Option B - The Fire Extinguisher: It seems logical to fight fire by simply attempting to put it out before it can harm you or anyone else. There are problems with this course of action as well though. The first being you are still making the conscious decision to engage in conflict; you are still playing their game even if you believe it's on your own terms and turf. The more dangerous mistake is that every extinguisher has its limits. You have a finite "coolness" and when it's gone, you are in serious danger. If you are like most people, you are not as emotionally in control as you would like to think you are and worse, you are almost always underestimating your opponent. Or more accurately, underestimating the danger of being in proximity to that which possesses your opponent...

Hatred Outlives the Hateful
Negative experiences are very dense; it can take 8 years of therapy to undo 8 minutes of being raped. As a more mundane example, look no further than the news...any news. Following the news can distort your perception of the world very potently as the overwhelming majority of stories are centered on hatred, violence and death. Most news networks won't report on any of the 5,000,000+ people volunteering in some capacity to serve humanity but they will report on the suicide bomber who killed 50 in Iraq this morning. Think about it—the absolute worst 1% of the world's population receives the lion's share of the world's attention at any given time. Hatred, malevolence, death and suffering are just that potent. If you are like most people, your back just isn't broad enough to bear the burden of being the fire fighter. So what option does that leave you?


I have concluded non-response is the only acceptable response to negativity. Leave the psycho with the flamethrower to his own uncontrollably violent insanity long enough and he'll burn himself to a crisp. This will happen with absolutely certainty whether you are there burning with him or not. You see, you don't need to punish him for attempting to attack you. His punishment is already upon him. Paraphrasing the Buddha, he is not being punished for his hatred, he is being punished by his hatred. The misery of being a hateful, joyless wretch is far harsher justice than any you can mete out. So flee. Just go. Walk away. Put as much space between yourself and the baneful as possible, even if mitigating circumstances limit that to sitting on the far side of the room or donning a set of headphones. Or even—gasp—walking away from an internet message board flame war.

Comment on this article

Psychic Venom

"He who fights with monsters should look to it that he himself does not become a monster. And when you gaze long into an abyss, the abyss also gazes into you."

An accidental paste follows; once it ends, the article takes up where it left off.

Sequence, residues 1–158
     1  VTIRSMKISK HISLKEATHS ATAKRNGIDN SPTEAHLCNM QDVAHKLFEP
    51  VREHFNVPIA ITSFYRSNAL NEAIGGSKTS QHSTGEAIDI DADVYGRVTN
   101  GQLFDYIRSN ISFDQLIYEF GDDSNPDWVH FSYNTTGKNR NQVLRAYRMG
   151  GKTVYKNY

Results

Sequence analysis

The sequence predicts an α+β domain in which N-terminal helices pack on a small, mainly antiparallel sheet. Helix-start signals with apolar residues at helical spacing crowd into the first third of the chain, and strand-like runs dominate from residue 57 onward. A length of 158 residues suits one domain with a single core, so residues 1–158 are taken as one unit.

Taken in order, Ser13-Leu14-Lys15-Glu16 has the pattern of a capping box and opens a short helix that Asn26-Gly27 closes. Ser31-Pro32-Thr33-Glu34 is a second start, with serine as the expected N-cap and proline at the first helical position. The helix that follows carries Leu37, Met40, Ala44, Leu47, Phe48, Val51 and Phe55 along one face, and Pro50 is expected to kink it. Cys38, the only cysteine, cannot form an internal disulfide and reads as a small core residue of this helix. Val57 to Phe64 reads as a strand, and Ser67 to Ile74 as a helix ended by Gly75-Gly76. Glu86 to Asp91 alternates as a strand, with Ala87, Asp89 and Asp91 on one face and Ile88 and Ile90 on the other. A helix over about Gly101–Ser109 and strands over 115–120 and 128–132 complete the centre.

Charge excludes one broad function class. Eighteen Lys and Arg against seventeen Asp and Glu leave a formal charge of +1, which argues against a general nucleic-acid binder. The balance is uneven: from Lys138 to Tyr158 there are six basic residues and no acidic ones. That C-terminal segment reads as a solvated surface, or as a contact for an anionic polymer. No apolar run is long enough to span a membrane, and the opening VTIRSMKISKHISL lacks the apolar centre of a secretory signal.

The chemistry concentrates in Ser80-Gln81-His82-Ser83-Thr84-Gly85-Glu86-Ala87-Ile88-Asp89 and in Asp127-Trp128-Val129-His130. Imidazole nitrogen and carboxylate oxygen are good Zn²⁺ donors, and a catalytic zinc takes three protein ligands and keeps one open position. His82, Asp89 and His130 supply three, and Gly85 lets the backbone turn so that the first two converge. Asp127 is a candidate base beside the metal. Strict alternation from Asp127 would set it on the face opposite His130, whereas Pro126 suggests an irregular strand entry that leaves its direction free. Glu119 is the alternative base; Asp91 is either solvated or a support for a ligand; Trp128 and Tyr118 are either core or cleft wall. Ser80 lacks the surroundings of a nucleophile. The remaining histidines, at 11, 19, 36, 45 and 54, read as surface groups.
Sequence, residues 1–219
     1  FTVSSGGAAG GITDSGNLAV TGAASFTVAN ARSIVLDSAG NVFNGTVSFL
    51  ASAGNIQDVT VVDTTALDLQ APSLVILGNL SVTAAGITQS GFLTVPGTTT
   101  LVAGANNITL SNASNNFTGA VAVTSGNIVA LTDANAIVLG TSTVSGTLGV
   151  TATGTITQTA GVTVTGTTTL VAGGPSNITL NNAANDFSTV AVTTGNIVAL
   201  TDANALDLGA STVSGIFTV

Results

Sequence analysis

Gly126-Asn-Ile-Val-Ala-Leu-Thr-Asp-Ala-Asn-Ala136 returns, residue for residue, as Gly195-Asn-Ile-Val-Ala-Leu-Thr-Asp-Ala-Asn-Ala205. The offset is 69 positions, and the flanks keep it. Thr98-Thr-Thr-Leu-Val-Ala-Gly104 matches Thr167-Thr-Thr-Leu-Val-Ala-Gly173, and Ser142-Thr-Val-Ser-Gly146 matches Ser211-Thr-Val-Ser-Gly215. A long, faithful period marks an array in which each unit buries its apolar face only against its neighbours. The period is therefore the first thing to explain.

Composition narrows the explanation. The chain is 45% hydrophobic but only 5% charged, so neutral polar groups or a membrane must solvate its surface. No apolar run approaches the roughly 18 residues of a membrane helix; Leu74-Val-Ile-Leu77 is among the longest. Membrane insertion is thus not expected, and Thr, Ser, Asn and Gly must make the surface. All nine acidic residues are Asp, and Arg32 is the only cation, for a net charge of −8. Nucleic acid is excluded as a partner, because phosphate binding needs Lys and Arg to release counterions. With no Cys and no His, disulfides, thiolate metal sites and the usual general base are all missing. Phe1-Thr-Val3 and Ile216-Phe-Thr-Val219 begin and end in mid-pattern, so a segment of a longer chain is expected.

—Friedrich Nietzsche

Psychic Venom by Brian Snoddy
I think a lot of fairly intelligent people argue with hateful idiots because they're bored and they feel like venting their frustrations on someone, so why not the village idiot who makes himself the scratching post for anything with claws? And truth be told, there is also the egotistical desire to feel superior. I have been guilty of this behavior myself in the past but these days I disengage from conflict with the hateful for the same reason I don't wrestle rattlesnakes for sport—it's guaranteed to kill boredom but it might kill a lot more than that.

If you want to get technical about it, most people don't die from snake bites; they die from the venom. Spending time in the presence of miserable, hateful, frothing assholes is not unlike lying in a pit of asps with only a pair of pajamas for protection. The first bite might not break the skin but you damned sure don't want to lie there one moment longer than you absolutely have to. And when you have been bitten deeply, make no mistake about it, there is now a very dangerous and potentially deadly venom making its way through your system.

I honestly believe psychic venom, for want of a better term, is in many ways more dangerous than its physical counterpart. Firstly, it's not even immediately apparent that you have been seriously harmed. In fact, you can be bitten dozens of times over the course of years and years before you even take stock of the psychic venom that has accumulated in your system. Secondly, most people don't have very good skills for getting it out of their system without a great deal of help, so they tend to just drug themselves, figuratively and literally, to cope with its effects. Lastly and most seriously, when a snake bites you, you don't turn into a snake and start biting other people. Psychic venom is akin to a virus from a zombie movie that once contracted, rots away at your brain until eventually you turn into one of the monsters...often without even realizing it until you're well into the habit of being monstrous. At this point you've got a lot of work ahead of you to make it back to the light. It's not impossible, it never is, but it's a long climb out of a very deep hole; a deep hole that wants to suck you back in at every opportunity.

Psychic venom almost seems to take on a life of its own and make no mistakes, it will consume you...if you let it. The best way to avoid this is to practice prevention and that means setting personal boundaries. You can't control other people's actions but you can control how you respond to them.

Comment on this article

Twitter Delicious Facebook Digg Stumbleupon Favorites More

Design by Free WordPress Themes | Bloggerized by Lasantha - Premium Blogger Themes | Free Samples By Mail